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Some Like It Hot (B&W, 1959) B

Directed by: Billy Wilder

Starring: Jack Lemmon, Tony Curtis, Marilyn Monroe

Ages: 7 and up

The Sell: Boys will be girls.

The Plot: The Roaring 20s. Two Chicago jazz musicians (Lemmon and Curtis) run afoul of local gangsters, witness the St. Valentine's Day Massacre, and have to grab the first out-of-town job available -- with an all-girl orchestra. On go the flapper dresses, wigs, and chokers, followed by a lunatic train ride to Florida (played by San Diego). When one of the heroes falls in love with the band's star attraction (Monroe), he poses as a rich twit to woo her, borrowed yacht and all. Then the other guy gets engaged -- to a man. Then the gangsters show up again.

Why it's here: It's an elemental calculus: (Men) + (Women's clothing) = Funny. I have no idea why this is so, but it goes back a ways. Presumably there was a Cro Magnon comedian 10,000 years ago who strapped on a pair of coconuts and the paleolithic equivalent of a housedress and slayed 'em around the campfire one night. The genetic express runs from that to the Monty Python boys and right through this movie.

To children, cross-dressing is even funnier, because it's terrifying. Case in point: Eliza's friend Jerome (not his real name) , who came over to play in the yard one snowy day, got his clothes soaked in a drift, and had to wear my wife's sweatpants while waiting for his jeans to go through the dryer. Sweatpants: about as asexual as it gets, right? Only the poor kid sat at the dining room table in a fetal ball of gender confusion, asking, begging, every 30 seconds, were his pants ready? He couldn't even make eye contact.

This is someone primed for the great hymn to transvestite embarrassment that is Some Like It Hot.

There's a lot to love in this, the comedy many observers feel is the funniest single movie to come out of Hollywood. There's Lemmon at the top of his game as a Nervous Norbert who finds the freedom to be as femme as he wants to be in drag. There's Curtis delivering a pitch-perfect Cary Grant impression once he puts on the yachting cap to win Monroe. ("Nobody talks like that!" snipes Lemmon). There's old Hollywood ghost George Raft as gangster Spats, and rescuscitated vaudeville ham Joe E. Brown as the millionaire with the hots for Lemmon; the latter is especially priceless as he flaps his enormous mouth and gets off the movie's closing gag, a topper that is inarguable and hilarious.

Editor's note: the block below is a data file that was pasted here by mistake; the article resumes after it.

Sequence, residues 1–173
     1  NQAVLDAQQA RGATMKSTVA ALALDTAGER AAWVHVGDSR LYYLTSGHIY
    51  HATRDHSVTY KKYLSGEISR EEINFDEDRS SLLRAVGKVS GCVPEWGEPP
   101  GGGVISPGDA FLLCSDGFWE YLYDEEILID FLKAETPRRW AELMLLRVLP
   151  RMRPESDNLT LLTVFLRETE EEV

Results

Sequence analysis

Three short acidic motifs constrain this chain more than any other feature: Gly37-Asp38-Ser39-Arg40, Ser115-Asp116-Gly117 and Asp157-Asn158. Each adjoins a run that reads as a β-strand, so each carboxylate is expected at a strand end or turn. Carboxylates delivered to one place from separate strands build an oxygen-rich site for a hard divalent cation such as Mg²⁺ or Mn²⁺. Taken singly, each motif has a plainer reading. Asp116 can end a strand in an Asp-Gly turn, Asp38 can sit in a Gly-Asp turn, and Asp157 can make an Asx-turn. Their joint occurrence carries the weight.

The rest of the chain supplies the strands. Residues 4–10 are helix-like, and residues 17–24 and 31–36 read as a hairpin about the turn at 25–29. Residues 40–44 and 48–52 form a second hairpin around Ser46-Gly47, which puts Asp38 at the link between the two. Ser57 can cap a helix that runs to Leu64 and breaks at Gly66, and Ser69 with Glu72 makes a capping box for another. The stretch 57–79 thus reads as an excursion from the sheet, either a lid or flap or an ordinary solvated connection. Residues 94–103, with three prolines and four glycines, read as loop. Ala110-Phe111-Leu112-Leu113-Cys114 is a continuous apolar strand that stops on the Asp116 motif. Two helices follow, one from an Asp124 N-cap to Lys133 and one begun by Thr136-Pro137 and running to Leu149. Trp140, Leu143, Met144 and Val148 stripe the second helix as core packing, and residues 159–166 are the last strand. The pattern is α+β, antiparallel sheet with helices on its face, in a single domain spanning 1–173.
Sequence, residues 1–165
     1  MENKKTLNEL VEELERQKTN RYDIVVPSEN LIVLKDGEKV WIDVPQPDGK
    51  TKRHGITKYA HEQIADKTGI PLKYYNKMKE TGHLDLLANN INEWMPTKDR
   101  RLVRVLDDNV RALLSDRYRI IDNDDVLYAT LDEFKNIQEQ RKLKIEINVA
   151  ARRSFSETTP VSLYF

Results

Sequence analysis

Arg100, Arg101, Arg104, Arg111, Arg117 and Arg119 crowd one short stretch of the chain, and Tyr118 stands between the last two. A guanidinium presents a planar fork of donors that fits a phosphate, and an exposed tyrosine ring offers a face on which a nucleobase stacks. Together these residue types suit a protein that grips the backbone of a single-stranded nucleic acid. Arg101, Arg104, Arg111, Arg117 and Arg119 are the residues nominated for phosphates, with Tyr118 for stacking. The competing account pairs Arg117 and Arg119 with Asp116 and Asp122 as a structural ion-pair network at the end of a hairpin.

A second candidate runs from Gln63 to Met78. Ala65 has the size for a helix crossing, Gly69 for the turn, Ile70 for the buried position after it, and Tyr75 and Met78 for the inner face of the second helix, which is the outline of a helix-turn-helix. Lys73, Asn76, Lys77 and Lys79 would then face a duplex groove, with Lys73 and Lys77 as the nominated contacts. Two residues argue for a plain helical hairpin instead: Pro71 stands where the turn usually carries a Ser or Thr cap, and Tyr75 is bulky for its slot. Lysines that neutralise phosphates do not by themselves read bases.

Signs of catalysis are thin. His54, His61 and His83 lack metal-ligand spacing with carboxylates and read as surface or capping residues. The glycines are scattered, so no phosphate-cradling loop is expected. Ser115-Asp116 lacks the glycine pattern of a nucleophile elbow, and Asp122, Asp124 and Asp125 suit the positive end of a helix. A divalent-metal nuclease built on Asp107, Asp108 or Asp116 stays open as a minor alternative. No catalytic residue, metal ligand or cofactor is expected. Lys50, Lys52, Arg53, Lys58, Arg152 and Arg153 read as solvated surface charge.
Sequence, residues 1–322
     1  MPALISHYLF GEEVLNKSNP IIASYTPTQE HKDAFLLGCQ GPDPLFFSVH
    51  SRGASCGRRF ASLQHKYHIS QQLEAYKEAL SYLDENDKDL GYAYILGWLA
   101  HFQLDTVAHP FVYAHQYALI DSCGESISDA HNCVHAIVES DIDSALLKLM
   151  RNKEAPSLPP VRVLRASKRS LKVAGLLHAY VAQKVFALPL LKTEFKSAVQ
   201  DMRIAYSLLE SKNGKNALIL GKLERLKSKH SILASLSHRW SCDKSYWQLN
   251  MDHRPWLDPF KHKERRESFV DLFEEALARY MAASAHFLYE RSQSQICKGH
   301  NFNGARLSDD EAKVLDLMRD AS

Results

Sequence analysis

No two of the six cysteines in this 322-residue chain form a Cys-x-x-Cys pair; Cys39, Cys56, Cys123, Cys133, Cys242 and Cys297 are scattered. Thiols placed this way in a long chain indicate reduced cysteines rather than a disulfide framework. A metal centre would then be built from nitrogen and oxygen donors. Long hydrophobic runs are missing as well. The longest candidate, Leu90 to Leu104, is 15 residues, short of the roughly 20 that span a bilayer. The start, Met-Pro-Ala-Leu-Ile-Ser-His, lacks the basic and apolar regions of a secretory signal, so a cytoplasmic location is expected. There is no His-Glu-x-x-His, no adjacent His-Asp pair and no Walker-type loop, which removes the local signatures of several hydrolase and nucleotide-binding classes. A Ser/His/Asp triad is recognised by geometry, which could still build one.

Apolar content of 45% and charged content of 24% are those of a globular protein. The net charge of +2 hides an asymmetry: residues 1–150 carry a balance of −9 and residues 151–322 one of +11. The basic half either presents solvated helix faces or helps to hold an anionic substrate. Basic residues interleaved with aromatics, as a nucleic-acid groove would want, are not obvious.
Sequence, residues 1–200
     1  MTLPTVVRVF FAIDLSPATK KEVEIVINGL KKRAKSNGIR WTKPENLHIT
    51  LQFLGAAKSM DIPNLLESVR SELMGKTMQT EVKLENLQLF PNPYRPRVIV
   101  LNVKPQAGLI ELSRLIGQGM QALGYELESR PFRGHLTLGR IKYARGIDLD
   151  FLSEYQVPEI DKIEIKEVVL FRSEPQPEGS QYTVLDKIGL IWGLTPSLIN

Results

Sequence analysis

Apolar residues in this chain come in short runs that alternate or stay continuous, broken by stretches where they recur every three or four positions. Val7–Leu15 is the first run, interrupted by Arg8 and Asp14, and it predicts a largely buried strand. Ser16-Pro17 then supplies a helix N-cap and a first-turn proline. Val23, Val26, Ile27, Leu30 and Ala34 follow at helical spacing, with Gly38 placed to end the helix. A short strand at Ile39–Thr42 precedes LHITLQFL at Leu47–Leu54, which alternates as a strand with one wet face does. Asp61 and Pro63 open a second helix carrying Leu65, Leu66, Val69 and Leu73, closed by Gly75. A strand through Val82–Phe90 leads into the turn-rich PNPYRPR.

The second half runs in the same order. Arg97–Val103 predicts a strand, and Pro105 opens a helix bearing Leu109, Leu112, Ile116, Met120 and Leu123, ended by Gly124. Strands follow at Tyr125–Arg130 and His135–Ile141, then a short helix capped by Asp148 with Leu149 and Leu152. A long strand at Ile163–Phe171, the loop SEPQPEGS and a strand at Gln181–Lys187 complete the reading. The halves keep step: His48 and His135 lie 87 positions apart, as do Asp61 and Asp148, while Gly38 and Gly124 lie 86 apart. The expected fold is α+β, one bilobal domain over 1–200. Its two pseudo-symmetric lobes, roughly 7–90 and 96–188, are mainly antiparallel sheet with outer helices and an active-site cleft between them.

And there's Marilyn. Let this movie be your children's introduction to her, and to the entire concept of the beautiful and the doomed in popular culture. From Monroe they can move on to Judy Garland and James Dean, to Buddy Holly and Janis Joplin and Kurt Cobain, to all the unlucky and unready whose deaths we seem to need. Marilyn was the first moth to the flame of modern celebrity, and all you have to do is mention that she died young, show your kids "Some Like it Hot," and let her vibrant, uncontainable sadness do the rest.

Pause-button Explanations: You'll have to explain what Prohibition was (and speakeasies and the rise of gangsters) and you'll have to do it early, since the film's first sight gag is a hearse with coffins full of bootleg liquor. If this leads into a discussion of the futility of legislating morality -- well, good luck.

Useless trivia: The actor playing Spats, George Raft, was coming off a long career in gangster roles; the coin-flipping bit is a parody of his own gimmick in the 1932 classic Scarface. Monroe drove her director and co-stars batty with her inability to remember even the simplest lines of dialogue; a fed-up Curtis reportedly claimed that kissing her "was like kissing Hitler" (and later denied he ever said it).

What next: Depends on which direction you want to go. If your kids crave more Marilyn, head to Gentlemen Prefer Blondes (1953), the only other four-star movie she made. More Jack Lemmon, try The Odd Couple (1968) and The Great Race (1965). If they're jaded enough to handle Billy Wilder's mordantly funny worldview, show them Sabrina (1954) and save The Apartment (1960) and Sunset Blvd. (1950) until they're a little older.

Want more? Buy it at your local bookstore or through Amazon.